Bring Afghanistan to the center of antiwar movement

Ashley Smith’s article “Which Way Forward for the Antiwar Movement?” (July–August 2008) is an excellent analysis of the reasons the movement is in its current anemic state and the strategy for rebuilding it from the bottom up. We think the section on demands, however, needs to be updated in light of recent developments. Smith lists four primary demands: troops out of Iraq, no war on Iran, no to racism against Arabs and Muslims, and money for social spending instead of war. We assume these are the non-negotiable ones because he uses the word “Finally” when ending the list. In the subsequent paragraph, Smith states that the Left must argue for including opposition to the occupation of Afghanistan and for education and speakers about Palestine but we should be prepared to lose the argument.

We completely agree that we must continue to argue for the in­clusion of these demands, but we think that opposition to the occupation of Afghanistan is a necessary core demand for the movement at this time. As Smith argues earlier in his article, we must have demands that prepare the movement to con­front U.S. war plans. Barack Obama, in his July 15 foreign policy speech, made the hard case for the War on Terror—he wants to shift combat troops from Iraq (the “distraction”) to Afghanistan (the “central front”). Casualties for Western occupation troops in Afghanistan have exceeded those in Iraq in both May and June. While this may have more to do with tactical decisions by the Iraqi resistance, the increased media and official attention on Afghanistan signals an important dynamic. The debacle in Iraq has caused the American people to be skeptical of the American ruling class’s intentions in unleashing the U.S. military around the world. For example, a July 13 poll by ABC News and the Washington Post found that 45 percent of Americans think the war on Afghanistan was not worth it. If, however, Obama can salvage the War on Terror by making the positive case for military intervention in Afghanistan, he may also be able to re-establish the ability of the U.S. ruling class to sell its wars.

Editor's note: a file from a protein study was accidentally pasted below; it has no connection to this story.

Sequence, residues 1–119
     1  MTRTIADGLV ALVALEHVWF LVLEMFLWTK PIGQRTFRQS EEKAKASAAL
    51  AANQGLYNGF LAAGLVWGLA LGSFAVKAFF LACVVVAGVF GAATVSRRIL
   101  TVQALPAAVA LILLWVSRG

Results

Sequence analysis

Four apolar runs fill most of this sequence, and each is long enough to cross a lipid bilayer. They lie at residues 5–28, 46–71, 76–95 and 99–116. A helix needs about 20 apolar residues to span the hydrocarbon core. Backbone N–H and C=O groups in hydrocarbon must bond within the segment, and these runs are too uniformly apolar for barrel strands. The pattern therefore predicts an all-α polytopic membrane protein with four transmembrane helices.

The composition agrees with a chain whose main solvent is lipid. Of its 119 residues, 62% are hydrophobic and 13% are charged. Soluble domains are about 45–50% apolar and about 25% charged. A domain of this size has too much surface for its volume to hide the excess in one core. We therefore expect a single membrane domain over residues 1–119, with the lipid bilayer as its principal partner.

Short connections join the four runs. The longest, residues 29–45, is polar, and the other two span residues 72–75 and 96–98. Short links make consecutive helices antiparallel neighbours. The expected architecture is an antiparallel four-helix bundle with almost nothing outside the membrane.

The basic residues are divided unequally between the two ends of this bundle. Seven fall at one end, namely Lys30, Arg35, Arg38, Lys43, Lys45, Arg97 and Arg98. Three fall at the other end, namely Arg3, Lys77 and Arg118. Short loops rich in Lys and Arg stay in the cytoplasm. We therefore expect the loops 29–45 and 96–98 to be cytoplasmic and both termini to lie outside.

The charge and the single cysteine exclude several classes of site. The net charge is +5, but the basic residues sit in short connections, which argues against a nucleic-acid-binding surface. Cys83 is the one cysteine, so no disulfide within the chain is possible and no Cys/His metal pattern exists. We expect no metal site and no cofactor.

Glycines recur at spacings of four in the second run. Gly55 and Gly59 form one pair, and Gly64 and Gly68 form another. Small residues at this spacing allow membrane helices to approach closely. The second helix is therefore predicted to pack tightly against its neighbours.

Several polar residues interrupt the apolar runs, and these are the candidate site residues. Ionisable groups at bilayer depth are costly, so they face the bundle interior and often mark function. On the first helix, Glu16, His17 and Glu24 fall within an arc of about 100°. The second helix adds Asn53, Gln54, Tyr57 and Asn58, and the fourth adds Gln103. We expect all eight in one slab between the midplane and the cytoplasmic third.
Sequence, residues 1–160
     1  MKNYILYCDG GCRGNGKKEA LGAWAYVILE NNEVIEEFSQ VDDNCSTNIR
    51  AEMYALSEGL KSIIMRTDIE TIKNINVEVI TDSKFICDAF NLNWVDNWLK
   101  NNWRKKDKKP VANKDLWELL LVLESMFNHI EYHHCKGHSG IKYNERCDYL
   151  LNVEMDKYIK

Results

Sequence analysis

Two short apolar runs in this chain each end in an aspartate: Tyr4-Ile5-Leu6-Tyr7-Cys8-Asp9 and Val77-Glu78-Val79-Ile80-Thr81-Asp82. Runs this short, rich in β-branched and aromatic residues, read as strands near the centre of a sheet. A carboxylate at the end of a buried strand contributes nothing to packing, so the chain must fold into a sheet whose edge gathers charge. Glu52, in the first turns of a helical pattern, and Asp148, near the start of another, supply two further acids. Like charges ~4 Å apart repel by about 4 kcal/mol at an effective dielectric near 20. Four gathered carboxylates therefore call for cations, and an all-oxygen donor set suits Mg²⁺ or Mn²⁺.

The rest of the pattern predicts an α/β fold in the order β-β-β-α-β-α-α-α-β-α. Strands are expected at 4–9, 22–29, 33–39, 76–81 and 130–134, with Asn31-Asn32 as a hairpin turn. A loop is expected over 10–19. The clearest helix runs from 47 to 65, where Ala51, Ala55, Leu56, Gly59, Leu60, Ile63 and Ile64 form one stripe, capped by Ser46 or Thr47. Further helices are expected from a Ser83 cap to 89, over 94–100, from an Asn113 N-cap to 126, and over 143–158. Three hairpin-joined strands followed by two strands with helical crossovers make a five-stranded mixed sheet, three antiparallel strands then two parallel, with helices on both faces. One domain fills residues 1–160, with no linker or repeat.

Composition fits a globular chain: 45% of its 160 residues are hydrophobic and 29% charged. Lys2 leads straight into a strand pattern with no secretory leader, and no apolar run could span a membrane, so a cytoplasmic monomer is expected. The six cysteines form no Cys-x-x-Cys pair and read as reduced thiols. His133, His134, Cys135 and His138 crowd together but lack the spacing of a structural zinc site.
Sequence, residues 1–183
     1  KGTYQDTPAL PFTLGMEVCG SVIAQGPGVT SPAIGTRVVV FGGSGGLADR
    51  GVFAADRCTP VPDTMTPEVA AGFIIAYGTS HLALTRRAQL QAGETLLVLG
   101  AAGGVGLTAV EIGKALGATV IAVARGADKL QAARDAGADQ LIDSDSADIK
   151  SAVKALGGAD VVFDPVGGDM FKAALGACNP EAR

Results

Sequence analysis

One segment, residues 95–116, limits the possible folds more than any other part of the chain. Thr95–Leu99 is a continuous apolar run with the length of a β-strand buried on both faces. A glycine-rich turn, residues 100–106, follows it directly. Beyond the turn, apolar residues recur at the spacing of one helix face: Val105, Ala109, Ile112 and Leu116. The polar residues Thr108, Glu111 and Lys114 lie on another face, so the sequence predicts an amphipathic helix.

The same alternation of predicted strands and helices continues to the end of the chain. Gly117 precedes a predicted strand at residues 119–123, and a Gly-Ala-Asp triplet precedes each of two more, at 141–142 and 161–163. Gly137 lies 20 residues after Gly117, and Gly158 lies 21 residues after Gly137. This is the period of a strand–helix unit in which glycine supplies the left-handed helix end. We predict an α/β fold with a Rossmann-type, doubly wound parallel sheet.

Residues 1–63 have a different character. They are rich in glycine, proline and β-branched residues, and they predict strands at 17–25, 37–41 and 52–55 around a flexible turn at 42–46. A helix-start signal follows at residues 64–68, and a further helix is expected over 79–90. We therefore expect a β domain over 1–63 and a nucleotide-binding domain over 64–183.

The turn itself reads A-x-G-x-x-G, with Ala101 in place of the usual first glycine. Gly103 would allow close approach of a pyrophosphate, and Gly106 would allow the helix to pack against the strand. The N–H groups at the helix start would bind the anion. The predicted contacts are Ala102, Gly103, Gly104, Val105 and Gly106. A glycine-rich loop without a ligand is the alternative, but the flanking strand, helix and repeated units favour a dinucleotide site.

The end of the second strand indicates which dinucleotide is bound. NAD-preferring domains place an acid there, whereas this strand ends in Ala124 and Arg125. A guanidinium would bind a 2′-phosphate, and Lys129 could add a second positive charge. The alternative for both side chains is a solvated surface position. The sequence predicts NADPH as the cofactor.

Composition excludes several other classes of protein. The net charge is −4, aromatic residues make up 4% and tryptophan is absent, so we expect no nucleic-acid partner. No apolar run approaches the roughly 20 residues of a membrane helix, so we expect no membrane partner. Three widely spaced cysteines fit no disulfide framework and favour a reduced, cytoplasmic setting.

Given that many liberals and leftists who oppose the war on Iraq support the war on Afghanistan in some way, this presents a real political challenge. They concede that the war on Iraq was a war of choice for controlling the Middle East, but they believe the United States has a legitimate right to go after al-Qaeda in Afghanistan. They fail to see that just as WMDs (weapons of mass destruction) were the excuse for invading Iraq, 9/11, the Taliban, women’s rights, and even al-Qaeda were the excuses for invading Afghanistan, and that Afghanistan and Iraq are a part of the same imperial project of securing the U.S. ruling class’s position as global top dog.

In the current political climate, we believe a movement to get the troops out of Iraq will stumble, stagger, and stagnate if it is supportive of or unclear about the occupation of Afghanistan. We want to get the troops out of Iraq, but we do not want to send them to Afghanistan!

Sid Patel and Roger Dyer
San Francisco

Issue #103

Winter 2016-17

"A sense of hope and the possibility for solidarity"

Interview with Roxanne Dunbar-Ortiz
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